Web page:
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PEAR and Your Own Code

If you are starting out on your path as a PHP programmer, it might be a little too soon to start talking about authoring your own PEAR package. Remember, though, that every package has its own maintainer and contributors, so there is plenty of opportunity to get involved. If you are interested, you should read the relevant PEAR documentation at http://pear.php.net/manual/en/developers.contributing.php.

Coding Standards

Whether you intend to contribute code to PEAR, you might be interested in the style guide to which contributors must adhere. The strictures might not all be to your taste, but there are some very good practices. The PEAR standards encourage programmers to use parentheses even where not strictly required, for example. So, leaving out the parentheses in an if statement that has only one execution line is perfectly legal, as shown here:

if ( $length=5 )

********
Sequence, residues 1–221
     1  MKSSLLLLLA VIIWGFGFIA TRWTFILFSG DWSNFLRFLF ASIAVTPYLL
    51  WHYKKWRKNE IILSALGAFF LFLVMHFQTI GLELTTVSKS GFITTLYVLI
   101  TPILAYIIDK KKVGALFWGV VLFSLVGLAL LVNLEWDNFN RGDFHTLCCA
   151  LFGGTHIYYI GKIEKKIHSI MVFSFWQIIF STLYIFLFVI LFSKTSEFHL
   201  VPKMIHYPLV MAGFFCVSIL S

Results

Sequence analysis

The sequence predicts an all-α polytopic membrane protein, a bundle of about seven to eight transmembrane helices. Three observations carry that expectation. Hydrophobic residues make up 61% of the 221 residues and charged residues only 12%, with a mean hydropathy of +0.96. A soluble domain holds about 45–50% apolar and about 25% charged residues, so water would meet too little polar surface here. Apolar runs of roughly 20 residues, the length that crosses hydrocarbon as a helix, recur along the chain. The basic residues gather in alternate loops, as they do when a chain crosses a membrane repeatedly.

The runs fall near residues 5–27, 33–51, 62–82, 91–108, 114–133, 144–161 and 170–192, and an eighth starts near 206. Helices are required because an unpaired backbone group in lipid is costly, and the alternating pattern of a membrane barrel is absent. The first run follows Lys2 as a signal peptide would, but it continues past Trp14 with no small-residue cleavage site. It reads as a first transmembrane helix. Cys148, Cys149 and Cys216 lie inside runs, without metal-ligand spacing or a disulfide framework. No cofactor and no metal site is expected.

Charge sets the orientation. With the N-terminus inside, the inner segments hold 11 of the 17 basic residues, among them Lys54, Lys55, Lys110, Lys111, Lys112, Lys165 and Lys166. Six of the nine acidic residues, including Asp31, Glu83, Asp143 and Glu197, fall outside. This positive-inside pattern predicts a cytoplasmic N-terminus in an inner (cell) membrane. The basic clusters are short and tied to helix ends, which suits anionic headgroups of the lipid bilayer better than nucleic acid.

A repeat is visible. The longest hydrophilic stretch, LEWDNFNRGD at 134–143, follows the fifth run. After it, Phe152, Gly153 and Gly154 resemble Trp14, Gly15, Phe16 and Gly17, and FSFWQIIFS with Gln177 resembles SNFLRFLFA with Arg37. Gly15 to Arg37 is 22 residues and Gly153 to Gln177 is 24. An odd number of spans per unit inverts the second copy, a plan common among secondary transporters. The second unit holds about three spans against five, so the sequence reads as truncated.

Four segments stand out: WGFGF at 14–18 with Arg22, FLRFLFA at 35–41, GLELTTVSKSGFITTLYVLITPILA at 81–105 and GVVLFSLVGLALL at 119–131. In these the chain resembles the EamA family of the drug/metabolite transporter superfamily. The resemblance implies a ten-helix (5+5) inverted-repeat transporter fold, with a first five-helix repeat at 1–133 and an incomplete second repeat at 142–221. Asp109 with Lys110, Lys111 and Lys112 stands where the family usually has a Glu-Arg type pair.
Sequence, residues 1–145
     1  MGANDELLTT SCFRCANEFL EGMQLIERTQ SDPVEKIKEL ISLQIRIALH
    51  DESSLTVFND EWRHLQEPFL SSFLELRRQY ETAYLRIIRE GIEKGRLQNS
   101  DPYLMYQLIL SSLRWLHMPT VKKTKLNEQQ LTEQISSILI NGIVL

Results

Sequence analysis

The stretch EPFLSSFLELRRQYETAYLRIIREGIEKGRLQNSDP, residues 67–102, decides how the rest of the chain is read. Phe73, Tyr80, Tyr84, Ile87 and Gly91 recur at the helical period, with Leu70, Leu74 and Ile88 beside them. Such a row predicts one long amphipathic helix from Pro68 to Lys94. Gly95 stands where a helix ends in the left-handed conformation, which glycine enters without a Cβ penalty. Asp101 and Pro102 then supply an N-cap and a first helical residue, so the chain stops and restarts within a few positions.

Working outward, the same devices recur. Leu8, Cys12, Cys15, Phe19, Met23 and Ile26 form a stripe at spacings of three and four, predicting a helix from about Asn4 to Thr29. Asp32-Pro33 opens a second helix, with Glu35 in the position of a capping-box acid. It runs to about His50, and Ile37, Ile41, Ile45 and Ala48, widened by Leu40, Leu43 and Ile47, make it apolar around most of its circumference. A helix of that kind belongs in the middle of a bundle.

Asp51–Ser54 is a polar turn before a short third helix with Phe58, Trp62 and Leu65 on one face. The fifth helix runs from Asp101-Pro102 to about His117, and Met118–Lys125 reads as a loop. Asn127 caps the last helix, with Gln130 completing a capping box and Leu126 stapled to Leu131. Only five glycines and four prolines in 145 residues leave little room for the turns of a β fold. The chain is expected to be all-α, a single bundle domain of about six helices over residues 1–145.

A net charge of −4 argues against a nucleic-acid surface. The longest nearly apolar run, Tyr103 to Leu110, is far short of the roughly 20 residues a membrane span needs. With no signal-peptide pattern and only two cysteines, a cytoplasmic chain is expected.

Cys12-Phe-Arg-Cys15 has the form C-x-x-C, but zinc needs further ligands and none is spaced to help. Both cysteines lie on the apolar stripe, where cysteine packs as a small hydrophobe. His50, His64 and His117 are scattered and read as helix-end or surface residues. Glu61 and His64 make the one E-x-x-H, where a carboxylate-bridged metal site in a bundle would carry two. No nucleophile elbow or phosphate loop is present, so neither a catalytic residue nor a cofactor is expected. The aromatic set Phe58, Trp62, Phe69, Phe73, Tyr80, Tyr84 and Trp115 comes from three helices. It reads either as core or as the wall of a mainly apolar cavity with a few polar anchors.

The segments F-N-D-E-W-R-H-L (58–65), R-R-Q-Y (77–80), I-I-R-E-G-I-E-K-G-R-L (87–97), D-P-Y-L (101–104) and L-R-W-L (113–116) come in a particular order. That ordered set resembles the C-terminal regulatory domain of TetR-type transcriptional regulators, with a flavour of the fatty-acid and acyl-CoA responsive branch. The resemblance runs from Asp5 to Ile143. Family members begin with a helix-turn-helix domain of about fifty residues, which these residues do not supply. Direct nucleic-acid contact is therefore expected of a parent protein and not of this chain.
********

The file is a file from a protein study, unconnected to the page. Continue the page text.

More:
However, it is safer and more readable to use the parentheses:

if ( $length = 5 ) {

As you glance through your code, picking out control structures is much easier if they are formatted consistently.

The style guide also advocates the use of meaningful return values, even from functions that do not need to return a value to perform their task. A Boolean is a good choice here, returning true upon successful completion and false upon error.

One principle that is not in the guide is as follows: Where possible, you should always return the same data type from a function or method. This was impossible with PHP 4. PHP 4 PEAR classes often return a PEAR_Error object when a problem occurs. Over time, PEAR libraries will likely throw exceptions in these circumstances, allowing functions to return cleanly.

The guide recommends that you always use <?php ?> opening and closing tags. These are the only combinations that you can be absolutely certain will be available with every PHP installation you encounter. You should code defensively.

By convention, you will find that C and Java comments (// and /* */) are favored over Perl/Shell-style comments (#).

You can read the full PEAR style guide at http://pear.php.net/manual/en/standards.php.

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